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Critics Decry Decision to Halt Deportations of Haitian Illegal Immigrants

Haiti in Chaos

Sunday: The C-17 Globemaster from McChord Air Force Base participated in a massive airlift of personnel and relief supplies into earthquake-damaged Haiti. It then took evacuees to Orlando, Florida. (AP) (AP/SeattlePI.com/Joshua Trujillo)

The Obama administration's decision to allow illegal immigrants from Haiti to stay in the United States following the devastating earthquake in their home country has prompted complaints among some immigration policy critics that the temporary "timeout" will become permanent. 

Not all of the critics are opposed to the decision to grant what's called "temporary protected status" to Haitians. Some said the 7.0 magnitude earthquake in Haiti is just the kind of crisis that temporary protected status was designed to address. 

But immigration watchdog groups are concerned that the 18-month window will be extended, as it often is for immigrants from other countries. Those from Sudan, Somalia, Nicaragua, Honduras and El Salvador all have the TPS designation. 

In this case, the administration is allowing any Haitian who was in the United States illegally before the earthquake to continue living and working in the country for another 18 months. 

"This is why TPS was created," said Roy Beck, executive director of NumbersUSA. "The problem is we have (had) three straight presidents who made a mockery of TPS. They turned it into PPS -- it's a permanent protected status."

"It's a necessary tool, but as currently structured it functions as a permanent amnesty for anyone 'lucky' enough to come from a country that suffers a natural (or even man-made) disaster," Center for Immigration Studies director Mark Krikorian wrote on his organization's Web site. 

Other critics said the administration should not have granted the status in the first place. 

"According to past history, they will never be deported," said William Gheen, president of the Americans for Legal Immigration PAC. 

He said the administration should have delayed deportations for a month or two while the most intensive recovery efforts are underway, or sent illegal immigrants up for deportation to a part of Haiti not affected by the earthquake.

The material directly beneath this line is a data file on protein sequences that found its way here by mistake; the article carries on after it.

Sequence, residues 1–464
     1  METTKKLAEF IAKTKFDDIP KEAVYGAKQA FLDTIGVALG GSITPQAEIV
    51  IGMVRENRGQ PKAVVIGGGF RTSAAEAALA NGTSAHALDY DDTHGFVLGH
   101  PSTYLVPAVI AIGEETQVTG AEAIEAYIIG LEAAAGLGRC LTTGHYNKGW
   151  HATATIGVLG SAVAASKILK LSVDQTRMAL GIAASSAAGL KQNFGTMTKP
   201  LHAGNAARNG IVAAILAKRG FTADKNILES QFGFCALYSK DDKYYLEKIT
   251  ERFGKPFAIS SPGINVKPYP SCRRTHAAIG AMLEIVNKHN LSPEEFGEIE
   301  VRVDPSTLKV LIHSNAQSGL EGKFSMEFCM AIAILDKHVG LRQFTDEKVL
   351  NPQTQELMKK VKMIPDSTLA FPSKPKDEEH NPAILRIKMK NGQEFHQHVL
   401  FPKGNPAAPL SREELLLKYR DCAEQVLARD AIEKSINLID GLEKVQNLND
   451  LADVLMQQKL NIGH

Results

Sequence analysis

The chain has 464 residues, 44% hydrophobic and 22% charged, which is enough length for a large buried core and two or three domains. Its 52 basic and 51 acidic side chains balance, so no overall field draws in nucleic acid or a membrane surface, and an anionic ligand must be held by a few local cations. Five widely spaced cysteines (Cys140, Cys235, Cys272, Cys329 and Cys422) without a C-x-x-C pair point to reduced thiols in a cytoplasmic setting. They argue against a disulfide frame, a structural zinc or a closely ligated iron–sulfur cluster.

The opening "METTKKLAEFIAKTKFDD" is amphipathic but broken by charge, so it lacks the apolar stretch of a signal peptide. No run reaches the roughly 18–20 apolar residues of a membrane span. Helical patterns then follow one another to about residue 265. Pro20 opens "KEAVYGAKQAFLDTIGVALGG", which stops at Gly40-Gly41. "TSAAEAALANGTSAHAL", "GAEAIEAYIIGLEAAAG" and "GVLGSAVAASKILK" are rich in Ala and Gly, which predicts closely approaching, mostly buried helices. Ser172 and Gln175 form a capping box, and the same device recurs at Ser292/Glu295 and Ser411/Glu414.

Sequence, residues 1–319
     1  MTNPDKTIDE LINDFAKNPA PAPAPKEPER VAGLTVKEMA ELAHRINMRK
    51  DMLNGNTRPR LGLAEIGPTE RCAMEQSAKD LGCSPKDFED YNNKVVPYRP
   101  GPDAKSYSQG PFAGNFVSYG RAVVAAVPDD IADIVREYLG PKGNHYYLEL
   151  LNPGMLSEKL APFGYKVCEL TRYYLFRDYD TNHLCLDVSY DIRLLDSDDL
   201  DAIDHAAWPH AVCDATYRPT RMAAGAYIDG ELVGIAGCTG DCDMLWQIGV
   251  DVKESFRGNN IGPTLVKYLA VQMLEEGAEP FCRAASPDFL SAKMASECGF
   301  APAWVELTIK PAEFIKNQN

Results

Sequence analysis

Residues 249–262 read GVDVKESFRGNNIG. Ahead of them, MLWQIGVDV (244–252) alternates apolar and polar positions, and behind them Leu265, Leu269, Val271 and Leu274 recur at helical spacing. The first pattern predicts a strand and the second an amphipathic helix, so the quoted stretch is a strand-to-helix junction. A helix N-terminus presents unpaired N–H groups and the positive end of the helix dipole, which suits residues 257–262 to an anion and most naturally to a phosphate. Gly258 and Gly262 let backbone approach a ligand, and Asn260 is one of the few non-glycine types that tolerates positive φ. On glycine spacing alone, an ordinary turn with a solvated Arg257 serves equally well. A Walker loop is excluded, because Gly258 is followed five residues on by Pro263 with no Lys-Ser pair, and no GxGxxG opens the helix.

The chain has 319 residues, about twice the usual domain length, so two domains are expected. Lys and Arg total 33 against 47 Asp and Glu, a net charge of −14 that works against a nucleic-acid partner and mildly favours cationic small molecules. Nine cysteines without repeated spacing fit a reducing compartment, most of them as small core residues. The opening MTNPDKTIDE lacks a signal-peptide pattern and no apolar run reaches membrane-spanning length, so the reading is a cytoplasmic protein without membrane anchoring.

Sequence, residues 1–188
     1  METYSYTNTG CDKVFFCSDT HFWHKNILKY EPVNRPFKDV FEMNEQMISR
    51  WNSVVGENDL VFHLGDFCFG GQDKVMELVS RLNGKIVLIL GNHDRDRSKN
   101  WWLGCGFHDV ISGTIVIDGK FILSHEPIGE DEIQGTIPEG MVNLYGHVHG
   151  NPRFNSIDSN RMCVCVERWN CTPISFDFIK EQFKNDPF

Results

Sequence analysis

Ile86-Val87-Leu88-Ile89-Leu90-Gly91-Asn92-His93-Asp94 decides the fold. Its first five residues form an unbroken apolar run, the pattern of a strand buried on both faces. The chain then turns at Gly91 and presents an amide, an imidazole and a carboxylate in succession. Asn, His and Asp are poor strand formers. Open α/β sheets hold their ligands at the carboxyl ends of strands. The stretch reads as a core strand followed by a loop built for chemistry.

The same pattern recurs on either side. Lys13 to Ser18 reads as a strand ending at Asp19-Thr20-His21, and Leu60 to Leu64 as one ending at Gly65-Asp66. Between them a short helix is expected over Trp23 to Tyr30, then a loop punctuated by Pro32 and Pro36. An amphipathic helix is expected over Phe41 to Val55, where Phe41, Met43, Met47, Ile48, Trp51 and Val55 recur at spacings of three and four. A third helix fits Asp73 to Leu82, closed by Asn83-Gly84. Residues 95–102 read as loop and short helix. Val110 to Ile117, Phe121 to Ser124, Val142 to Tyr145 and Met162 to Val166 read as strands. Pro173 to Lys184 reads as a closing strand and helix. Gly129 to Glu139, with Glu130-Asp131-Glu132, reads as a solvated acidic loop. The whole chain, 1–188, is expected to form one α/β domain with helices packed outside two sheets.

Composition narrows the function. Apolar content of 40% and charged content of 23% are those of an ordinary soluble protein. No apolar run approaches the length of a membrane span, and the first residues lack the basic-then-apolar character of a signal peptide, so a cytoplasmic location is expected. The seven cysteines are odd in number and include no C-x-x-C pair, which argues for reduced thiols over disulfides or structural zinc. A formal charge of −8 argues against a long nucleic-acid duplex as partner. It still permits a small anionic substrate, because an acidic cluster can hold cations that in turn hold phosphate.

There are about 30,000 Haitians slated for deportation from the United States. Homeland Security Secretary Janet Napolitano said between 100,000 and 200,000 Haitians are believed to be in the United States illegally. 

Though illegal Haitian immigrants have repeatedly been denied temporary protected status despite a string of natural disasters, persistent poverty and political unrest at home, Napolitano said last week's catastrophic earthquake justifies the designation this time. 

"In a way, it's sort of a timeout for Haitians in the United States who can begin to work, can get authorization to work and have some resources then to send back to Haiti themselves -- which is also a form of indirect economic relief," she said, adding that it would give Haiti time to get "back on its feet." 

Some lawmakers applauded the decision. 

"This is the right thing to do. Haitian immigrants already in the U.S. will not only be able to make money to support themselves, but also to send remittances to their suffering families back in Haiti," Sen. Bill Nelson, D-Fla., said in a written statement. 

But Rep. Steve King, R-Iowa, said Haitian immigrants in the United States should provide a more direct form of relief. 

"This sounds to me like open borders advocates exercising the Rahm Emanuel axiom: 'Never let a crisis go to waste.' Illegal immigrants from Haiti have no reason to fear deportation, but if they are deported, Haiti is in great need of relief workers and many of them could be a big help to their fellow Haitians," King said in a written statement.